“That gives the student an entrée into any service marketing job. They can say, ‘I really understand how to measure quality,’ ” Bone said. “That’s what really struck me.”
LibQual is an online survey that asks participants about their desired, perceived, and minimum expectations of service from the WVU Libraries. During the spring semesters of 2003, 2005, and 2007, the Libraries randomly selected 4,000 students, faculty, and staff to complete the survey.
During that time period, the responses led the Libraries to make several changes including extending library hours to 2 a.m. and adding Eliza’s, a coffee shop, to the Downtown Campus Library.
With three years worth of results compiled, O’Brien wanted to dig deeper into the data and develop a clearer picture of what users think about the libraries’ offerings and recent enhancements.
The report affirmed the enhancements the Libraries have already made and suggested a few additional changes.
Their top recommendation was to increase the number of journal holdings for each discipline. Along with that, it was suggested to work to increase awareness of existing offerings. Many people voiced frustration in the survey over materials that they didn’t know the Libraries already owned.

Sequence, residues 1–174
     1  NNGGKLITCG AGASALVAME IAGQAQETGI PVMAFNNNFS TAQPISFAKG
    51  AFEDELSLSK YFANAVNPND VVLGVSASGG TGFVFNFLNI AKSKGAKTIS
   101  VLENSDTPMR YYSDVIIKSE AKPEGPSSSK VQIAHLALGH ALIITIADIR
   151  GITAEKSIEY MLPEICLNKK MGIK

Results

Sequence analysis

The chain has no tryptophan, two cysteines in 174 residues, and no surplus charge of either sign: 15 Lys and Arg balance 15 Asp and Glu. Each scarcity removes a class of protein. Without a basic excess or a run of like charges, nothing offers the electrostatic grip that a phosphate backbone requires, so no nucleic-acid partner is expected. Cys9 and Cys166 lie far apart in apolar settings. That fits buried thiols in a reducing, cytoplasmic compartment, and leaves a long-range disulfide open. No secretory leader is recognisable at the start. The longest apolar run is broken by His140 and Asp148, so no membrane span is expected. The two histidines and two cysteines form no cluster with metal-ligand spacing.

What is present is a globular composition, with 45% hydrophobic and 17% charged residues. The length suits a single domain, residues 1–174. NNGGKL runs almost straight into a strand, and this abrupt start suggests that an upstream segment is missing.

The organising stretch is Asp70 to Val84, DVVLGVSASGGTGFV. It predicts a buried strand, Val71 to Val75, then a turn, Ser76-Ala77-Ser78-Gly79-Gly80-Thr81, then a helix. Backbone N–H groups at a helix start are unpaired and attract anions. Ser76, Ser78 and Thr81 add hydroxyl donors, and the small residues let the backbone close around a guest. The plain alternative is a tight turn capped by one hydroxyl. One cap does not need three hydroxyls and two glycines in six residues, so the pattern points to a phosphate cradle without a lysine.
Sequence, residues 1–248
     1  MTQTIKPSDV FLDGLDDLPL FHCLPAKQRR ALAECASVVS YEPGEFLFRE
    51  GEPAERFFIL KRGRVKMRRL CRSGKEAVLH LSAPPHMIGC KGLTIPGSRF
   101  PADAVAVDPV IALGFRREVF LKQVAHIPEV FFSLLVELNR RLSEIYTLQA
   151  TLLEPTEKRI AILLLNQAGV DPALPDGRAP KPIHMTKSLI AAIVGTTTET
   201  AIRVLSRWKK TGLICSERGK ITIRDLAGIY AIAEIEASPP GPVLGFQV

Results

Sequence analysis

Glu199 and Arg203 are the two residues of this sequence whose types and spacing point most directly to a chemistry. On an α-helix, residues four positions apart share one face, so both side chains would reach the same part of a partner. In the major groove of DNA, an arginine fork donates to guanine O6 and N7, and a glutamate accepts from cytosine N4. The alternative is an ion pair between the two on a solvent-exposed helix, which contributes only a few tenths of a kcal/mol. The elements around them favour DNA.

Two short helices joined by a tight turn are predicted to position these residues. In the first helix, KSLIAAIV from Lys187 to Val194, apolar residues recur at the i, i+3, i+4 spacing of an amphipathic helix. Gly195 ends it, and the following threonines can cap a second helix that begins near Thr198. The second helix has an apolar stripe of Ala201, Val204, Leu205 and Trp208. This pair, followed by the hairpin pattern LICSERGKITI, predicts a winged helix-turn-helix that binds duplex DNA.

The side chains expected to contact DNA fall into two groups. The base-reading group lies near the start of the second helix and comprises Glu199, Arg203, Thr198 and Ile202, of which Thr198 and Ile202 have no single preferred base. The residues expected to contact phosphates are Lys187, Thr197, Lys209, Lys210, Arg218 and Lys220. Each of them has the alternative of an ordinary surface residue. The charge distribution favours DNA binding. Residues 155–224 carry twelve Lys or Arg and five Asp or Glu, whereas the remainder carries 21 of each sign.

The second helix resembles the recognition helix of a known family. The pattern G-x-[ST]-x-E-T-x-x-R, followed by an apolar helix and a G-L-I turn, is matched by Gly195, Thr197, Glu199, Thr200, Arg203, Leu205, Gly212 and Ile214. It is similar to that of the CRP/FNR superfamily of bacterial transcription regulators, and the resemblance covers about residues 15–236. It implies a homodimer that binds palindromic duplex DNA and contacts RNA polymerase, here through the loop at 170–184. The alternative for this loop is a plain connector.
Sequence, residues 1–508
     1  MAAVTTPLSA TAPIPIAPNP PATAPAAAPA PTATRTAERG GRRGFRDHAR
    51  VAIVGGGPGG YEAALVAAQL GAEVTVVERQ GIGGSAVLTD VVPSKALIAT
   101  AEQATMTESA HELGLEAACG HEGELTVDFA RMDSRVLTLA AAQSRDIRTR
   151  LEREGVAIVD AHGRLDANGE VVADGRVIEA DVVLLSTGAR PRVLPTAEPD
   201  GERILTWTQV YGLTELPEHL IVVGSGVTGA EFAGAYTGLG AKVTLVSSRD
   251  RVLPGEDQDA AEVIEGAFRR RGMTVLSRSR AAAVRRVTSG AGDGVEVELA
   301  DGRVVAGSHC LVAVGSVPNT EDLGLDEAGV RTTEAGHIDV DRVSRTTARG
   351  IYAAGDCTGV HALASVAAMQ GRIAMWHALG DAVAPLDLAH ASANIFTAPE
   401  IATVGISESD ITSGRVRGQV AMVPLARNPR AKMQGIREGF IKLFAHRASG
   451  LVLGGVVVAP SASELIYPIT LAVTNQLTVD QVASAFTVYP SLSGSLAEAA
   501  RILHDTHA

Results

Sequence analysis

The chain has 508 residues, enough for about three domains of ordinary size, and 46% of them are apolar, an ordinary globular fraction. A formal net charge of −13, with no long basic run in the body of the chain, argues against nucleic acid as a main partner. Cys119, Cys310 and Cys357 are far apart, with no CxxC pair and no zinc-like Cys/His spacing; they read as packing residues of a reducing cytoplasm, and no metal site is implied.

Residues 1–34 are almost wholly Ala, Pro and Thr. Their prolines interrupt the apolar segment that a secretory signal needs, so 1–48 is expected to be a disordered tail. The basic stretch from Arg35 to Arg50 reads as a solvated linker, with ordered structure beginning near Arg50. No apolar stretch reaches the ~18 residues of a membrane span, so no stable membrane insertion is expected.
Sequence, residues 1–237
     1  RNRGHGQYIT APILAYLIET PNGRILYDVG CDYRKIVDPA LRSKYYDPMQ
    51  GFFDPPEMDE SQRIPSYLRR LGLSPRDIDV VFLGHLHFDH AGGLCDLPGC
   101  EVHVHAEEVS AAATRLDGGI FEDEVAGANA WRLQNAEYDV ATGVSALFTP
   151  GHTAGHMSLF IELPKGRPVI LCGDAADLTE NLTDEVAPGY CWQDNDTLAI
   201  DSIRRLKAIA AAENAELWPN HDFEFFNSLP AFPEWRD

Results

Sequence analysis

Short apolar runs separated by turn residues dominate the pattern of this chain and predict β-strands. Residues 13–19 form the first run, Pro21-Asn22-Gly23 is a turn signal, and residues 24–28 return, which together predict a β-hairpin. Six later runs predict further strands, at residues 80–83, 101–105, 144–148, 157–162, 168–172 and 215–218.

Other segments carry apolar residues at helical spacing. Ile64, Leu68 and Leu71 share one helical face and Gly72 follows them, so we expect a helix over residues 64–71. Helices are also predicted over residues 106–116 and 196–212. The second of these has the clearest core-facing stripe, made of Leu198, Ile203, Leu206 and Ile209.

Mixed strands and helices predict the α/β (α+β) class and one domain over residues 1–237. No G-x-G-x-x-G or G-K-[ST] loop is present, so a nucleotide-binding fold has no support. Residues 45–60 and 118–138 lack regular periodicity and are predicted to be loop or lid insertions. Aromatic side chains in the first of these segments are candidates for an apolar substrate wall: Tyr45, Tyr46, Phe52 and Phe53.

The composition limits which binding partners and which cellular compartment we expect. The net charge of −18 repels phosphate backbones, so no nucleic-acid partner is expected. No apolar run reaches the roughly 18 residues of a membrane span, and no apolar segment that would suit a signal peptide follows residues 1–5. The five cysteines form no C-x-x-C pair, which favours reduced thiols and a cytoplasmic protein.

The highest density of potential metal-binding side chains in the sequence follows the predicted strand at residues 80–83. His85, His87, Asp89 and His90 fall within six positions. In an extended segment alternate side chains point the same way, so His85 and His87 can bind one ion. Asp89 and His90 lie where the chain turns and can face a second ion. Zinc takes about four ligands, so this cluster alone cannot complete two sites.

A second recommendation addressed computer access. It called for designating a cluster of computers for 15-minute intervals that would allow students to complete tasks such as print papers or check emails. A third recommendation was to do more to promote the Libraries’ cell phone policy, which directs people to stairwells to talk on phones.
“We all understand more about LibQual now, thanks to the students’ work,” O’Brien said. “The strategy grids were especially useful to see the effects of changes we made. I think the important thing about the survey is to track the results over time, and see if library users continue to be satisfied with our new programs and services.”